Warner Bros. Reintroduces Little Shop of Horrors to A New Generation

by Koleen Kaffan

Warner Bros. has enlisted director Greg Berlanti and writer Matthew Robinson to bring Little Shop of Horrors, the campy classic about a carnivorous plant with an insatiable hunger, back to the big screen. This brand-new musical adaptation of the 1960 low-budget Roger Corman black-comedy, horror movie will reintroduce the story of a meek flower shop worker that brings a persuasive, talking plant back to life only to discover that it craves human flesh, forcing him to kill to keep it alive.

Berlanti is the executive producer responsible for the CW’s many hit DC Superheroes-based TV shows, such as The Flash, Supergirl and Arrow. Robinson wrote the script for the 2009 Ricky Gervais film, The Invention of Lying. Warners’ Niija Kuykendall will oversee the project for the studio.

This will be Little Shop’s third film incarnation—the second being the 1986 Frank Oz hit musical adaptation starring Rick Moranis as Seymour, the insecure flower shop assistant that secretly lusts after his co-worker Audrey, played by Ellen Greene and Steve Martin as the infamously sadistic dentist/boyfriend.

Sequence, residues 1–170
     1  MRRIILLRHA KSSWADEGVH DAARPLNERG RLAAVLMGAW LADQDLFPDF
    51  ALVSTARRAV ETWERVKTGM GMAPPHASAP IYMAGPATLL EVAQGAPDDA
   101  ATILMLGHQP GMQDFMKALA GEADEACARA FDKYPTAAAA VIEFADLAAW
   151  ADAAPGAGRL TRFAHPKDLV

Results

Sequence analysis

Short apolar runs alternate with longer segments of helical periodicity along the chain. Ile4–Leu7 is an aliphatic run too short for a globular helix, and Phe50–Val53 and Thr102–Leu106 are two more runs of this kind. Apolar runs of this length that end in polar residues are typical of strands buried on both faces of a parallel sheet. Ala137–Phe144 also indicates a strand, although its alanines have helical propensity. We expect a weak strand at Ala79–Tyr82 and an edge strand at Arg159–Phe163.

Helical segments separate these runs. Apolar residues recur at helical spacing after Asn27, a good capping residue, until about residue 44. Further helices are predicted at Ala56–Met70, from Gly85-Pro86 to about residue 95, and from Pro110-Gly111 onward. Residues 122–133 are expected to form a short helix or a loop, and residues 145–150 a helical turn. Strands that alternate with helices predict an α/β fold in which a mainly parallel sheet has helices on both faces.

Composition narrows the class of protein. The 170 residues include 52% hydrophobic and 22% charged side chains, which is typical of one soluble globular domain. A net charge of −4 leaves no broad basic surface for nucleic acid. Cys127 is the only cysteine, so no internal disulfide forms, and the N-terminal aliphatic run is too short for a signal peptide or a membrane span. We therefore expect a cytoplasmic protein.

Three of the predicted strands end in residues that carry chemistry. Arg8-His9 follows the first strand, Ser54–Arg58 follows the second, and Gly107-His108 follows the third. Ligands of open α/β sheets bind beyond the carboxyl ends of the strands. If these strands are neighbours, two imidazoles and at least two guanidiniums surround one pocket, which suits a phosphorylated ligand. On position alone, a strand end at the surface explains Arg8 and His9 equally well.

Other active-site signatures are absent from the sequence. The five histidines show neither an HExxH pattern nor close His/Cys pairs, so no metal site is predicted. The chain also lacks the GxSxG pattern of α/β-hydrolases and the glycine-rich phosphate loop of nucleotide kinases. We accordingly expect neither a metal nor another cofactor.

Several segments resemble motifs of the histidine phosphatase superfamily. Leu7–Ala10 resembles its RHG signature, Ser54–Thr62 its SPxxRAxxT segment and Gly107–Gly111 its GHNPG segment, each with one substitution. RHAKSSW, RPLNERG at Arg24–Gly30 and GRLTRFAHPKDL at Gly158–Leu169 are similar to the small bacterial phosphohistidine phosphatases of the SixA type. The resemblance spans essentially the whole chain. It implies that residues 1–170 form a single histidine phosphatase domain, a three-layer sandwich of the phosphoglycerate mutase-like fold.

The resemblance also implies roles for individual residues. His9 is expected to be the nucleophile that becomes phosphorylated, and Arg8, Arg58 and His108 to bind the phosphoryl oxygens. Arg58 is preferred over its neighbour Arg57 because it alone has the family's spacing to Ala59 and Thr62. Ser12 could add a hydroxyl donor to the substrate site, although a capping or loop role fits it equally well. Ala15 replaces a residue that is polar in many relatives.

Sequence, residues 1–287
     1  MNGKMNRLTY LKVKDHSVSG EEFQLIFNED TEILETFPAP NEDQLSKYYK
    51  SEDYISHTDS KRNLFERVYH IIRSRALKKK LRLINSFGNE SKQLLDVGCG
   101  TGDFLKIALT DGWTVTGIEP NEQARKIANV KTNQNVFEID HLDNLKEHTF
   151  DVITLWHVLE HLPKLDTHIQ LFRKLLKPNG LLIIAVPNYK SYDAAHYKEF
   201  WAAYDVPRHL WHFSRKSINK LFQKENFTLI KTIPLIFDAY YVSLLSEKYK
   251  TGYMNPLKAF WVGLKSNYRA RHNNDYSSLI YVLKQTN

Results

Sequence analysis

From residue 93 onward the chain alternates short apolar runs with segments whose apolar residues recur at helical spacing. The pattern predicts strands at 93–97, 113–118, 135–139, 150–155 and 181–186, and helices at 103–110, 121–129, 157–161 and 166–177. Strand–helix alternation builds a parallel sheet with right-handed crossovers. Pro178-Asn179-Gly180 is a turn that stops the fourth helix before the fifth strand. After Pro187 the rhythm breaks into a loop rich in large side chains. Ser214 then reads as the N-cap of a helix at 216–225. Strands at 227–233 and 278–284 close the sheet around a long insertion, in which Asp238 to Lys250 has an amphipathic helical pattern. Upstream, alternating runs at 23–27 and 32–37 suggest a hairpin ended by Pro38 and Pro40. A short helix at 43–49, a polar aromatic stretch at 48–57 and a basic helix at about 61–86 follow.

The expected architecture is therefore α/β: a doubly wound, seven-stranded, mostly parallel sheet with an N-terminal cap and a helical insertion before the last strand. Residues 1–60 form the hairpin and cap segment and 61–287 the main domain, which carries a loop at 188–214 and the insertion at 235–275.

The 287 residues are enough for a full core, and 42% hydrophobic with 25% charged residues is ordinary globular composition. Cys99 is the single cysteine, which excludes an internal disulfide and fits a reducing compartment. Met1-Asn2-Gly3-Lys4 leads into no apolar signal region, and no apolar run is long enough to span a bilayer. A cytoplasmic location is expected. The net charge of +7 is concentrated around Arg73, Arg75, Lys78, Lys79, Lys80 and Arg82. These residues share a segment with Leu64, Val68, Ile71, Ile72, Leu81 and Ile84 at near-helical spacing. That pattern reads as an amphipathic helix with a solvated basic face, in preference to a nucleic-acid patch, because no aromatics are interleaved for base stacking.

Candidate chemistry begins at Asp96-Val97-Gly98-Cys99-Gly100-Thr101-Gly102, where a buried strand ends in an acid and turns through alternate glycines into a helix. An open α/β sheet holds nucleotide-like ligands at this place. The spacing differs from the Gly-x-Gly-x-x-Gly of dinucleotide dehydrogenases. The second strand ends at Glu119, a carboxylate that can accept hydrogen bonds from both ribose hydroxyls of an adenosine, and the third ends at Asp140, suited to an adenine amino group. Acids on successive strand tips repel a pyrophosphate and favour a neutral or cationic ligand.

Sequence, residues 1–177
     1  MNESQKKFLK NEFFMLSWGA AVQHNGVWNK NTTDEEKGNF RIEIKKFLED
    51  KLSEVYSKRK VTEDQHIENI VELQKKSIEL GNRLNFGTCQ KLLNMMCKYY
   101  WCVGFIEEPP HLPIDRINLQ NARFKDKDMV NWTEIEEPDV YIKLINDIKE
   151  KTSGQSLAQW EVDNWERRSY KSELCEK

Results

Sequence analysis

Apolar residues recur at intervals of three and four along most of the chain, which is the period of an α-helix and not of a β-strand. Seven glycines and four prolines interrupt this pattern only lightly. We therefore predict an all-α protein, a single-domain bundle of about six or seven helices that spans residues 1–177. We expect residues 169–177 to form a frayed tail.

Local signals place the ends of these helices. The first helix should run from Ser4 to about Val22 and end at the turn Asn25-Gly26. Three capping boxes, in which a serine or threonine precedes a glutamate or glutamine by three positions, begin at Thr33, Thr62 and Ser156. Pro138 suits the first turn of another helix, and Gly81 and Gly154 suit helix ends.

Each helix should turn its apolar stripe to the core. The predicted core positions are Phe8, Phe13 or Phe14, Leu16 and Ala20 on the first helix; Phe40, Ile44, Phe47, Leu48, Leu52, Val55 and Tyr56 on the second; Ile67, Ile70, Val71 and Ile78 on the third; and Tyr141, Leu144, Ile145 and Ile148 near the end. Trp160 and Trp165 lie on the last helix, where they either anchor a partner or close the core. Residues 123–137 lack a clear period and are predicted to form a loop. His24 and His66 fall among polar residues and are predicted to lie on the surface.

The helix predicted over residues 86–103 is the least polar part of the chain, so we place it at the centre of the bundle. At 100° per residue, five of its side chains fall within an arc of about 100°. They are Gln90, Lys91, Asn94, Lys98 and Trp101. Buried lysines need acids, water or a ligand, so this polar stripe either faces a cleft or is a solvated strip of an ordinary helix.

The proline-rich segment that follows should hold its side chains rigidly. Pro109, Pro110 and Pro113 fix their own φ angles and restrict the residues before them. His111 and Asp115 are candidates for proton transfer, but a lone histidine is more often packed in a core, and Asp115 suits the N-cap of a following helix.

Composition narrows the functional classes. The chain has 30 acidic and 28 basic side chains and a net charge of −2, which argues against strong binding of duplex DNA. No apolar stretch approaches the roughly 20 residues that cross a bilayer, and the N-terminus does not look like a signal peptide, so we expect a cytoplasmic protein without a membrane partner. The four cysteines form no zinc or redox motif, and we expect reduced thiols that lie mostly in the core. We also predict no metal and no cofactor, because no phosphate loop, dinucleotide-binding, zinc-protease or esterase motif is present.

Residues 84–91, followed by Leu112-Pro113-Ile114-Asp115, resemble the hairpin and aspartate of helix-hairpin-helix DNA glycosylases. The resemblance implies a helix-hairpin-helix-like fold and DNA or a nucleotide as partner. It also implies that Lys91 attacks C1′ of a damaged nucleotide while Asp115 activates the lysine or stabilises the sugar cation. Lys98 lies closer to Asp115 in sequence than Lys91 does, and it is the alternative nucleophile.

Warner’s version will introduce a new generation to the tale with a much larger budget to the original film. Corman’s classic was shot with $28,000 in two days, repurposing the still-standing set for the director’s 1959 film, A Bucket of Blood. Most notable is that the original Little Shop featured a young Jack Nicholson, whose small role as the masochistic, dental patient became an iconic image that was displayed on its home video releases. In 1982, the story became a hit off-Broadway as a horror-comedy-rock-musical, with songs by composer Alan Menken and written by Howard Ashman. It later moved to the Orpheum Theatre for a five-year run.

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